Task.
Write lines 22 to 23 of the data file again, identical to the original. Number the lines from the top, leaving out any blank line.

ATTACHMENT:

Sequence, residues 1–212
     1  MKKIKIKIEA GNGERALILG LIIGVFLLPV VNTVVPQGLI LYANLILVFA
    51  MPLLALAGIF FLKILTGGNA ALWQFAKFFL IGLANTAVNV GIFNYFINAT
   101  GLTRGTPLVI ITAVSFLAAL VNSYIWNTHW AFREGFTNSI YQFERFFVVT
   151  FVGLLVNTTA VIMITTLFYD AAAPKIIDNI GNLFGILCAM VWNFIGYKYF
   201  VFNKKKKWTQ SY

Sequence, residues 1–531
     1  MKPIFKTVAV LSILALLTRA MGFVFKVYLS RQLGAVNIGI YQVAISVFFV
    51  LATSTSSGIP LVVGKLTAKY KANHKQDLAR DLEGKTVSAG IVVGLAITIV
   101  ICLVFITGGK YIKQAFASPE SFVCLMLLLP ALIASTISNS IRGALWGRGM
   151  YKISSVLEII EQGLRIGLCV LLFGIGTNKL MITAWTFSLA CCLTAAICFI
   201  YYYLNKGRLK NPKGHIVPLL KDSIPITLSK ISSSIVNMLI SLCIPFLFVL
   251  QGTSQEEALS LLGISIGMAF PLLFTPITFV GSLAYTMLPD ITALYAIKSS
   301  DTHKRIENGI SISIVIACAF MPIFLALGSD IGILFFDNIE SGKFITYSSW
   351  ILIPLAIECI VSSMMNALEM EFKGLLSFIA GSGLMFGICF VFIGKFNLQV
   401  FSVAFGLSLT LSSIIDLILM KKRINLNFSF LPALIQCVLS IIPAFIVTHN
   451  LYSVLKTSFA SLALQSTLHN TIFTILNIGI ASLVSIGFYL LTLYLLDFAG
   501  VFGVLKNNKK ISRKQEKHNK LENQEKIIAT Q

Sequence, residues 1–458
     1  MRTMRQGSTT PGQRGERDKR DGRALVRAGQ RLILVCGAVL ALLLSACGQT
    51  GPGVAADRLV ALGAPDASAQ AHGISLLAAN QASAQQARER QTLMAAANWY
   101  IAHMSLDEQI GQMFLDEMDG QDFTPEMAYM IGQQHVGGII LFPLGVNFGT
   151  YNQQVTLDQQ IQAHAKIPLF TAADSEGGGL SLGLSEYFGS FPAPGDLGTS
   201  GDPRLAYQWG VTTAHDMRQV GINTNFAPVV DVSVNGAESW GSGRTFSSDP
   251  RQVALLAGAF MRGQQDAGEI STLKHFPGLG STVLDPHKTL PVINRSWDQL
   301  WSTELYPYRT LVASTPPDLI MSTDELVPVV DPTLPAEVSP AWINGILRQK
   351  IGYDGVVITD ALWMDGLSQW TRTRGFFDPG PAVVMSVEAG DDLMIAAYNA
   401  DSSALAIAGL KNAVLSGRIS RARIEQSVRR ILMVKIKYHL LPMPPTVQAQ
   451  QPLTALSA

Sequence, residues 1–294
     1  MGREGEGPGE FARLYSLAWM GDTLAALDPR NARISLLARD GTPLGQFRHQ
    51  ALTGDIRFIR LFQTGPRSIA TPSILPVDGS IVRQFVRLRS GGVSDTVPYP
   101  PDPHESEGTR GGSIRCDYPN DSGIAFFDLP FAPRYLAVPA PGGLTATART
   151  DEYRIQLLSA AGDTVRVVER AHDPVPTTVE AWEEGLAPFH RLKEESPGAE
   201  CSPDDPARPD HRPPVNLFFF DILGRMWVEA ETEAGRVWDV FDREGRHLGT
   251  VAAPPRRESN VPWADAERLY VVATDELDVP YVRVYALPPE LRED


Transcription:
   101  IAHMSLDEQI GQMFLDEMDG QDFTPEMAYM IGQQHVGGII LFPLGVNFGT
   151  YNQQVTLDQQ IQAHAKIPLF TAADSEGGGL SLGLSEYFGS FPAPGDLGTS